Rocky Mountain National Park Looks To Future In Face Of Climate Change

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(AP Photo/Brennan Linsley)
Visitors take in a scenic overlook off Trail Ridge Road, above tree-line at Rocky Mountain National Park, west of Estes Park, Colo., Monday, July 14, 2014.
Photo: RMNP looks to future in the face of climate change
In 20 years, Rocky Mountain National Park may be very different because of climate change.

Editor's Note: This story is part of a long-term reporting project from CPR News that explores how climate change is affecting Colorado, what's being done to address those changes and more.

Paul McLaughlin says that in 20 years, Rocky Mountain National Park, "will still be a marvelous, amazing place for people to come visit and find inspiration."

But that's not to say the future experience will be exactly the same as it is today for visitors. McLaughlin, an ecologist at the park, and other officials are taking an "adaptive management" approach when it comes to Rocky and the effects of climate change.

"It's shifting our thinking from only looking at the present to thinking about changes and what the future will be," McLaughlin said. "It's kind of a 'new normal,' allowing for flexibility for a number of futures, rather than trying to bring the ecosystem and species back to current conditions."

Among research being done at the park is how pikas adapt to changing temperatures, and the impact of earlier snowpack melts on water supplies.

McLaughlin spoke with Colorado Matters host Ryan Warner.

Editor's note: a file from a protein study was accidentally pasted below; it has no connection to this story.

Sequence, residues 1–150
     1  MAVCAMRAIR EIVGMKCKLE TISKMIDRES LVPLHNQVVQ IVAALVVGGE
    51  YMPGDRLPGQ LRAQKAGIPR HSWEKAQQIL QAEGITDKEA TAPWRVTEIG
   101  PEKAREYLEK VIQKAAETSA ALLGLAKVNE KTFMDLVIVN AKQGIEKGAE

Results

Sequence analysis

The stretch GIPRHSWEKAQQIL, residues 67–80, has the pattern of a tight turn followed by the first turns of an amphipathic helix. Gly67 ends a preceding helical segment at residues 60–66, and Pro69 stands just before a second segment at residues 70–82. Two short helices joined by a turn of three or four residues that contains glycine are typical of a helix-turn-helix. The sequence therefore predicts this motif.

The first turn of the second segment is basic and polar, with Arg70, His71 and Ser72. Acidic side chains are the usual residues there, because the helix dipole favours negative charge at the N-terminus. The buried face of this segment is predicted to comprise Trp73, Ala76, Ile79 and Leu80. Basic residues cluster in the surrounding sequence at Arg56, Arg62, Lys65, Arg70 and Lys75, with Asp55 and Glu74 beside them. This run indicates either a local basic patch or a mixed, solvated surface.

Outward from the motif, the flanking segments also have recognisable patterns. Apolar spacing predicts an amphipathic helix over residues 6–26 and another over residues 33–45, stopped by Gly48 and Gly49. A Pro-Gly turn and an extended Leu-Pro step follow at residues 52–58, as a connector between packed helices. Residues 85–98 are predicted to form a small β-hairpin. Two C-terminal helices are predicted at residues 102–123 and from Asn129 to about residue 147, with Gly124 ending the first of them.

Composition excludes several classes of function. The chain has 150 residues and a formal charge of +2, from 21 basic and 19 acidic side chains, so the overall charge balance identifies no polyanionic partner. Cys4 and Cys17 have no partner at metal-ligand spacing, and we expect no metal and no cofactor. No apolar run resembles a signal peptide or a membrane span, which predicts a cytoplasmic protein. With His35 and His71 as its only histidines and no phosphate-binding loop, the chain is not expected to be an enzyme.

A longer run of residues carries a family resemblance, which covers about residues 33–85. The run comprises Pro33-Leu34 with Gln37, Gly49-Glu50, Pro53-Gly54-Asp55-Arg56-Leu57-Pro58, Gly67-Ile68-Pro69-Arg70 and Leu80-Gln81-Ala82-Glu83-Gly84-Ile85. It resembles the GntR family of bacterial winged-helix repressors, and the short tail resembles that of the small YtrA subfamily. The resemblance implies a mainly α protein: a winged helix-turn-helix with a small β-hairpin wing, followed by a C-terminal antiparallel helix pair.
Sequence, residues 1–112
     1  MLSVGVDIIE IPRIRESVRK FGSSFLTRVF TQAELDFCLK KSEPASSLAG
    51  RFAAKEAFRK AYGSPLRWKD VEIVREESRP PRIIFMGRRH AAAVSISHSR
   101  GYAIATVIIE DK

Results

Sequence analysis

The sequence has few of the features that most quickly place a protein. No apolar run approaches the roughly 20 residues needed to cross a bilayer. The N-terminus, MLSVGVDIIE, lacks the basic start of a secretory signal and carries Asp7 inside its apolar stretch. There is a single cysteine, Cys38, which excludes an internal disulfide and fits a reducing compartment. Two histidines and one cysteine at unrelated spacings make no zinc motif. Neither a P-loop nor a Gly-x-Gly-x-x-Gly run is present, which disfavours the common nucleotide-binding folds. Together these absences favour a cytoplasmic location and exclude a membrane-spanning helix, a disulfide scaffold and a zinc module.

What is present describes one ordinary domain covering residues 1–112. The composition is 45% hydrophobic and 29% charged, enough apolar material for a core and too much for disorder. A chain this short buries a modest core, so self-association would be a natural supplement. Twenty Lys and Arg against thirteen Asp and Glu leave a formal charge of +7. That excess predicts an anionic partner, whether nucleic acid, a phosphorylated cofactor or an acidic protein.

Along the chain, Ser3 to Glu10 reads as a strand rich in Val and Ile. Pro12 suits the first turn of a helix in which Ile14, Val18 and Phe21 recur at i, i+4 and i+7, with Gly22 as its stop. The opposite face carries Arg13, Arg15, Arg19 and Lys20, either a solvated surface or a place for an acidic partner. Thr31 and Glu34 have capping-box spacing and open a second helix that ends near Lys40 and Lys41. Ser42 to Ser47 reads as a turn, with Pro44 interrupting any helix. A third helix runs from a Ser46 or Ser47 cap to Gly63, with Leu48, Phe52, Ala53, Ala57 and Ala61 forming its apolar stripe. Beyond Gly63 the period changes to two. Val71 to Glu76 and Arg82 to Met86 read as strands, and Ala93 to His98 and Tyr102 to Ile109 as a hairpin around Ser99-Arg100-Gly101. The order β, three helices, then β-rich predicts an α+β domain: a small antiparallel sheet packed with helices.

Rocky Mountain National Park ecologist Paul McLaughlin on the consequences of early snowpack melt at the park:

"If the snow is melting earlier in the season, then the water is rising earlier in the season. Then, later in the season, things tend to dry out. The creeks run low, the wetlands are drier and this has an impact on aquatic species like fish ... and it can even have an impact on agricultural users and urban users down on the Front Range."

On the impact of pine bark beetles:

"Over the last 15 years or so, we've seen about 90 percent of the areas holding pines be affected ... and even though that's less than 20 percent of the total trees, it's still -- if you're traveling around the park looking at the landscape, you're noticing the presence of a lot of dead trees."

On delivering the message about climate change in the face of political opposition:

"It's important to listen to other points of view ... what we try to do is present the facts. What we try to do is present tangible examples of how the science shows that climate change is affecting the environment in Rocky Mountain National Park -- and then people are entitled to come to their own conclusions."